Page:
Legislative News is AUSA Government Affairs Directorate's
weekly electronic newsletter, and is published
every Monday when Congress is in session.
In this issue:
- AUSA on the Hill
- AUSA President to Capitol Hill: Army's Budget Must Be Increased
AUSA ON THE HILL
AUSA’s Vice President for Education Lt. Gen. Guy Swan, USA, Ret., and Director of Government Affairs Bill Loper represented AUSA at a military association roundtable hosted by House Minority Leader Nancy Pelosi to discuss issues important to the associations.
Among the 24 Democratic members in attendance were the ranking members of several committees including Veterans’ Affairs, Budget, Appropriations subcommittees on Homeland Security and Military Construction/VA as well as several members of the House Armed Services Committee.
Much of the discussion focused on the VA disability claims backlog. As of 13 April, about 852,000 claims were awaiting decision, and 69 percent (about 590,000) of those had been waiting more than 125 days – which is the VA’s official definition of a backlogged claim. Of those claims, 37 percent have been filed by Vietnam-era veterans, 23 percent by Gulf War-era veterans, and 20 percent by post-9/11 war veterans.
If you recall, a couple of weeks ago, Lt. Gen. Swan attended a meeting hosted by the Chairman of the Veterans’ Affairs Committee, Rep. Jeff Miller, R-Fla. The claims backlog was also the main topic at that meeting. Could this finally be the issue in which members of Congress can find common ground? We certainly hope so.
AUSA PRESIDENT TO CAPITOL HILL: ARMY'S BUDGET MUST BE INCREASED
AUSA President Gen. Gordon R. Sullivan sent a letter to key House and Senate lawmakers in response to testimony given to them by the Army’s top leaders.
Army Secretary John McHugh told the House Armed Services Committee that "we're at a dangerous crossroad," explaining that shortfalls in the overseas contingency operation budget, coupled with sequestration, continuing resolutions and lack of a budget, are taking a toll on readiness, efforts at modernization and morale.
Army Chief of Staff Gen. Ray Odierno testified that the budget "allows us to plan for and mitigate risk associated with declining defense budgets, but that “it is imperative we gain predictability in our budget process. If we don't, then we'll be unable to effectively manage our resources and it will be impossible to make informed decisions about the future of our Army."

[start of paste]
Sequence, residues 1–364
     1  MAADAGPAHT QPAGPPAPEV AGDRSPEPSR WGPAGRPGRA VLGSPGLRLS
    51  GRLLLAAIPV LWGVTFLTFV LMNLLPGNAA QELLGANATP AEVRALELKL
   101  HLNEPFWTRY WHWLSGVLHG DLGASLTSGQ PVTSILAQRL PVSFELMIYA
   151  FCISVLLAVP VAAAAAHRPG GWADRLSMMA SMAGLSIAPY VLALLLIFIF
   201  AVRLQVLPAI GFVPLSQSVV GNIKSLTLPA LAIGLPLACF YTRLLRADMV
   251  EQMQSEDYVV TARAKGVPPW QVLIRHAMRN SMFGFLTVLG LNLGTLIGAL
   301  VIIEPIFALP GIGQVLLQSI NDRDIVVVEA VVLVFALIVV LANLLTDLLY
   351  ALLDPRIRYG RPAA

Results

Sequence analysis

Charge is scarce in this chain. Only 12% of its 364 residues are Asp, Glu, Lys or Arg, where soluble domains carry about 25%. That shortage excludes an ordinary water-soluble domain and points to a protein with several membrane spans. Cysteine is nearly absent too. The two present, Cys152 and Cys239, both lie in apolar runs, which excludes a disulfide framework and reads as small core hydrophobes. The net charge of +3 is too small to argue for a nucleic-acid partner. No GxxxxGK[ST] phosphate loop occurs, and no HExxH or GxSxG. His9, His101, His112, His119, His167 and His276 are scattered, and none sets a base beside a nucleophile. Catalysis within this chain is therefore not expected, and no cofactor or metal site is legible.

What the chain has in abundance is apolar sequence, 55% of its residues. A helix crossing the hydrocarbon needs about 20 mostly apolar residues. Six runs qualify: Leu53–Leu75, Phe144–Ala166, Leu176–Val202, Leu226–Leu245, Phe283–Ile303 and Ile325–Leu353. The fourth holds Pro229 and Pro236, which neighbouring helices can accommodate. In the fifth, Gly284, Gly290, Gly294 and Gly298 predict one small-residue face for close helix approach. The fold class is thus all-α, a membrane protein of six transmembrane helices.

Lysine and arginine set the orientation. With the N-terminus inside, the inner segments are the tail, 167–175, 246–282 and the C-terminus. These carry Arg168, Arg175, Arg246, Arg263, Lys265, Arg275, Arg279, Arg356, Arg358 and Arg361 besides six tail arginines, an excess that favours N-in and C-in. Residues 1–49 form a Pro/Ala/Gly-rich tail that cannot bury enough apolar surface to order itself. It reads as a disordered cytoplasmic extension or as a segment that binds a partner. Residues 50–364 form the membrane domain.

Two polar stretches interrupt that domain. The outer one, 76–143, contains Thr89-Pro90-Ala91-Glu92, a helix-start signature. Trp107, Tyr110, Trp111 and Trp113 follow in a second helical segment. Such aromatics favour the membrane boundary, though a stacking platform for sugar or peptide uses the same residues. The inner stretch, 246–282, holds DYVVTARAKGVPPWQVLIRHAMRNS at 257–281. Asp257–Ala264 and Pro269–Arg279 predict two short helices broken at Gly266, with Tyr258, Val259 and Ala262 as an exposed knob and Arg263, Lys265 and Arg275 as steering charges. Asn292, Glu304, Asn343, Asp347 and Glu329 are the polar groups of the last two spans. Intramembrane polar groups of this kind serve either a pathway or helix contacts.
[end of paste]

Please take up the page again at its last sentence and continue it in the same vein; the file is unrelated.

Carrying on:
One of the committee members said that he is "deeply troubled" not only by the Army's fiscal difficulties but by its shrinking force. He asked if the end strength continues to fall -- coupled with the effects of continued sequestration -- would the Army be able to respond effectively were two major contingency operations to occur simultaneously, or at least one major contingency and a smaller one.
Odierno replied that, "We'd have significant issues meeting anything more than one contingency -- if we can meet even one contingency.” Odierno also noted that "We're not as ready as we were in 2001”, and that "history has taught us that if we are off balance, the enemy will seek advantage."
This message alarms Gen. Sullivan. In his letter to lawmakers he said, “While I hesitate to use the term, “hollow Army”, what I see in the immediate future is furloughed Army civilians, most undeployed active component units untrained for immediate deployment, Army pilot training backlogged, flying hours cut, crew certification falling, deferred battle loss replacement that will take years to recover, deferred facilities maintenance that will negatively impact the quality of life of Soldiers and their families, and cancelled schooling and individual Soldier and unit training that will lower professional leader development and unit readiness for future operations.”
As a former Army Chief of Staff, Sullivan urged Congress to increase Army funding for FY 14 from the levels proposed in the administration’s budget. "From my perspective, in an exponentially more dangerous world, we are about to fund our Army at a level that will leave it, at best, in stasis or more likely, falling backward into unreadiness,” he said.
AUSA and its leadership will continue to push this message to Capitol Hill in upcoming meetings and engagements.